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October 7 is Energy Efficiency Day in Madison

EEDay_2020Madison, NJ – October 7, 2020 – Mayor Robert Conley and the Borough Council have proclaimed October 7, 2020, as Energy Efficiency Day in Madison. They are joining a national movement of governments and universities encouraging residents to take local action with money-saving, energy-efficient upgrades.

“Madison is a leader in encouraging energy reduction,” said Mayor Robert H. Conley in issuing the Energy Efficiency Day Proclamation at the recent Borough Council meeting. “Since 2017, we have offered $49 discounted home energy audits with Ciel Power. To date, more than 200 homeowners in Madison have participated in the program and nearly 40 households have installed energy-saving improvements that will lower household energy consumption by up to 30%,” continued Conley. 

The Madison Home Energy Assessment program gained national recognition in a 2018 New York Times piece.  Featured in the cover story of the Real Estate section, the piece included an interview with Madison resident Peter Teshima and highlighted Madison’s ongoing home energy audit program.

Ann Huber, of the Madison Environmental Commission, notes that energy efficiency upgrades can be as simple as switching to LED lighting. According to energyefficiencyday.org, changing just five frequently- used bulbs can save $75 in annual energy costs.

Here are additional tips from EnergyEffiencyDay.org:

1. Seal Leaks
On average, heating and cooling account for almost half of a home’s energy consumption. Little leaks can be equivalent to leaving open a 3-foot-by-3-foot window. Tip: Take simple steps like caulking windows, sealing leaks around chimneys and recessed lighting, and sliding draft guards under your doors to save up to 20% on heating costs.  

2. Maintain Your HVAC System
Make sure to clean or change your furnace filters regularly. A dirty furnace filter will slow down airflow, making the system work harder to keep you warm (or cool), costing you more money. Tip: Consider getting a winter tune-up. Just as a tune-up for your car can improve your gas mileage, a semi-annual or yearly tune-up of your heating and cooling system can be vital to improve efficiency, saving you money and making your home more comfortable.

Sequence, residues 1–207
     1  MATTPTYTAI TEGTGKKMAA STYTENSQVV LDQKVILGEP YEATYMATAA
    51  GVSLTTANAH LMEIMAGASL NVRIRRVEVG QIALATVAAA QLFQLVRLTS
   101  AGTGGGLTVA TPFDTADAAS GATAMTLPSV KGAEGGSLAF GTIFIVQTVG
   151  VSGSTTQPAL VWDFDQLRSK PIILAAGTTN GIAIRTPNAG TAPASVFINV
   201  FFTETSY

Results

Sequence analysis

3. Turn the Electronics Off
That sounds easy, but too often we forget and leave electronics plugged in that are not in use. Tip: Turn off unnecessary/idle lights, appliances, and electronics. A power strip can help turn off multiple items at once. (Sometimes the simplest things are really effective!)  

4. Winter Tip: Invite the Sun In
It feels like the sun abandons us during the winter, but that doesn’t mean we should ignore it during the shorter days. Tip: Open curtains/shade on your west-and south-facing windows during the day to allow sunlight to naturally heat your home, and save 2%-12%.  

5. Clean Clothing Efficiently
A washing machine spends 90% of its energy to heat water. TipModern detergents are formulated for cold water use, so there’s no performance downside to giving up hot water. Try to run full loads as much as possible—a machine uses roughly the same amount of energy regardless of the load size. Also, consider air-drying.

Madison residents can sign up for a discounted $49 home energy audit, go to www.cielpower.com/Madison. An audit with a New Jersey Clean Energy-certified contractor makes your home eligible for rebates and loans for your retrofit costs.

About Energy Efficiency Day:
According to energyefficiencyday.org, the message of Energy Efficiency Day is to “Save Money, Cut Pollution, and Create Jobs.” “Our goal is to share tips, tools, and stories that promote the multiple benefits of energy efficiency, from lower costs to healthier homes. Energy efficiency is the cheapest, quickest way to meet our energy needs, cut consumer bills and reduce pollution.” Energy Efficiency Day is a collaborative effort of dozens of energy efficiency advocacy groups around the United States, including the American Council for an Energy-Efficient Economy (ACEEE), Alliance to Save Energy, and the Natural Resources Defense Council.

A PDF of the release can be found here.

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